So he created from the poor peasant climes between West and East - they had only been amalgamated from the inheritance of the Habsburg Empire in 1918, but had already become a swamp of nationality quarrels before Hitler's division - the most humane and keenly willing society that had ever been built with communist goals has been. The last pilgrims, Stalins, Roosevelts, Churchills, Hitler’s and Mussolini’s could only do themselves and not the Yugoslavian idea of ​​annihilating iQysJtq rn gcjieri. Even before the Second World War, royal Yugoslavia lacked an ideology that spanned nations.

After Stalin's break with Tito in 1948, Belgrade countered Soviet state capitalism with the slogan of the Paris Commune and the Russian civil war in 1950: "The factories for the workers!" The workers' self-government helped to make Yugoslavia an open country, to defeat the gray octopus of bureaucratic centralism, which to this day stifles all initiatives in the other socialist countries. But in the role of the overriding state ideology, self-government could not become the link for the diverging national, cultural, religious and economic interests. It collided with the party and the workers, with rule from above and the material interest from below "Direct democracy on the basis of self-administration", as the party magazine admitted as early as the early 1970s that it was incompatible with the system of party rule ".

In the factories, the workers' councils concentrated on their own wage packet, on quick distribution instead of long-term profit making. The hunt for short-term profit led to a cardinal error in the Yugoslav economic conception: entrepreneurs and self-governing units invested in manufacturing; Hardly anyone was interested in the development of raw material sources because it did not generate any short-term profits. For example, Yugoslavia created a steadily growing trade deficit even before raw material prices rose, reaching close to two and a half billion dollars last year. The calculations for life on credit, for the investment rush, for inflation, which has barely been combated since 1960 (it was over 20 percent in 1979) have been passed on to the workers for years. In most companies there can be no question of profit-sharing; the companies can hardly pay the minimum wages.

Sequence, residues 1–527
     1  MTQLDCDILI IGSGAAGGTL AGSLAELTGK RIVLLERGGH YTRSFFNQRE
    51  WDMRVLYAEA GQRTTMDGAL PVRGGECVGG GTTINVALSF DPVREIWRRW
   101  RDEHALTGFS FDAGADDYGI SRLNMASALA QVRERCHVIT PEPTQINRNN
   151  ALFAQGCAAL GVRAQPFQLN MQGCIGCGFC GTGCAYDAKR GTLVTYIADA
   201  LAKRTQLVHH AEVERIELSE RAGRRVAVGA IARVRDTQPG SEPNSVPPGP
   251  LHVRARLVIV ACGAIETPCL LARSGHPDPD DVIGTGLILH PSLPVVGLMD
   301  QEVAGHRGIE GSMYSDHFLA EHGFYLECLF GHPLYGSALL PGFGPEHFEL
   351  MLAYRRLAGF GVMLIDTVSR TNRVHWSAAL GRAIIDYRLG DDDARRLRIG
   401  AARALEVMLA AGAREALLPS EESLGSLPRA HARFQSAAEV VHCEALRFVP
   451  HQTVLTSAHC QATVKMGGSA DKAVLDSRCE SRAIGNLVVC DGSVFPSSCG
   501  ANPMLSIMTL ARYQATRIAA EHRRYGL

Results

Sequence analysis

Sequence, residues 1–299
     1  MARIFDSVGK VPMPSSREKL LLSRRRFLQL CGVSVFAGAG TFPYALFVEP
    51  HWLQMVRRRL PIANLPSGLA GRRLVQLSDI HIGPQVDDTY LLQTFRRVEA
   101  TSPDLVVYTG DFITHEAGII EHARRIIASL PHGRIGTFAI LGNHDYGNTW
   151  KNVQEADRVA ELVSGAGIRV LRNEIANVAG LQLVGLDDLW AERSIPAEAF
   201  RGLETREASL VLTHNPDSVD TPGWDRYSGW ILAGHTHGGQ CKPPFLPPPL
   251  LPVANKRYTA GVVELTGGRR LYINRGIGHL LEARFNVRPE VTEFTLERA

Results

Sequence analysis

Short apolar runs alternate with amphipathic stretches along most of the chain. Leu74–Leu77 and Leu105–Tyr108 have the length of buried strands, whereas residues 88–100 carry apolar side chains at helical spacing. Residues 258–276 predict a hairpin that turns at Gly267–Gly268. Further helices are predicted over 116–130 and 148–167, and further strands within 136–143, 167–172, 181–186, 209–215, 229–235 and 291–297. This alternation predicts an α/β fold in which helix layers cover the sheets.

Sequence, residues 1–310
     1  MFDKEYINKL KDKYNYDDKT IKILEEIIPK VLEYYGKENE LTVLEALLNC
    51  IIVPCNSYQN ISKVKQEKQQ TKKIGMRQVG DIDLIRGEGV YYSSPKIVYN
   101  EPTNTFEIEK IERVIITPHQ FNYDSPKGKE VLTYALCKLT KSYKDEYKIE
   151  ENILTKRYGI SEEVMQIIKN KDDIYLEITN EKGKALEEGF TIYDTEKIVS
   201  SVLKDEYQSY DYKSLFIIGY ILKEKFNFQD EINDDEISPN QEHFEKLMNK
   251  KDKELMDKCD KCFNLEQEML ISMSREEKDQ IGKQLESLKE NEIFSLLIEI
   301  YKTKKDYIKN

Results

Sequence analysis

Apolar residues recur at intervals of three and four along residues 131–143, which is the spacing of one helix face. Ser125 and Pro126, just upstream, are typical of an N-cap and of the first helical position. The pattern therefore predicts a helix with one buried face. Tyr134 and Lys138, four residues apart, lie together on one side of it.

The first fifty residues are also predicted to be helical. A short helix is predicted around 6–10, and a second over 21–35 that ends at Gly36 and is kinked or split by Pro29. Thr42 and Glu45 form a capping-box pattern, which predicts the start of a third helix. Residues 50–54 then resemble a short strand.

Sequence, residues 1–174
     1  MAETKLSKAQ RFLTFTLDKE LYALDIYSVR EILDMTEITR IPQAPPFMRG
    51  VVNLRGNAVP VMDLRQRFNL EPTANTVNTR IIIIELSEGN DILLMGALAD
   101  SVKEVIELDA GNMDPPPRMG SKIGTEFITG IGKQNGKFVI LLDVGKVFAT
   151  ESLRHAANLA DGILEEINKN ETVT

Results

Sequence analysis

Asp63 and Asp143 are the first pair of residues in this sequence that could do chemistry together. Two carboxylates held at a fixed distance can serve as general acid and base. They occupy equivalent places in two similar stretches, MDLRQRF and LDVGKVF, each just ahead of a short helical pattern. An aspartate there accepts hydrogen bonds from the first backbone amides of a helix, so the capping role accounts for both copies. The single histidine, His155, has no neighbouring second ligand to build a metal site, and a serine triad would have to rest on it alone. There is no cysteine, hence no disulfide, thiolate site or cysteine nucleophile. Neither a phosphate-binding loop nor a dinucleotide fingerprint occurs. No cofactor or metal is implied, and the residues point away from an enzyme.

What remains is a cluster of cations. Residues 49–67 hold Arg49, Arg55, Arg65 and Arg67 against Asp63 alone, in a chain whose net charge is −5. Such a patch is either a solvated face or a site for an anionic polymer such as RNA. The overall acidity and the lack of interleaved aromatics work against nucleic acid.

Why was Tito able to rock Yugoslavia so successfully through all the cliffs and crises that most of the citizens hardly noticed the seriousness of the situation? The secret of his domestic political balancing act lay in the infallible, but also indivisible, feeling of this pragmatic power politician that the Yugoslav multi-ethnic state must in reality not be based on an ideological concept. That was the driving force of his permanent upheavals. Tito let the old partisans continue to wage war uninterruptedly with campaigns and cannonades against external and internal enemies. The unspoken aim of the upheavals and rotations was to divert attention from the national and economic disparities and to provide external impetus for taming them.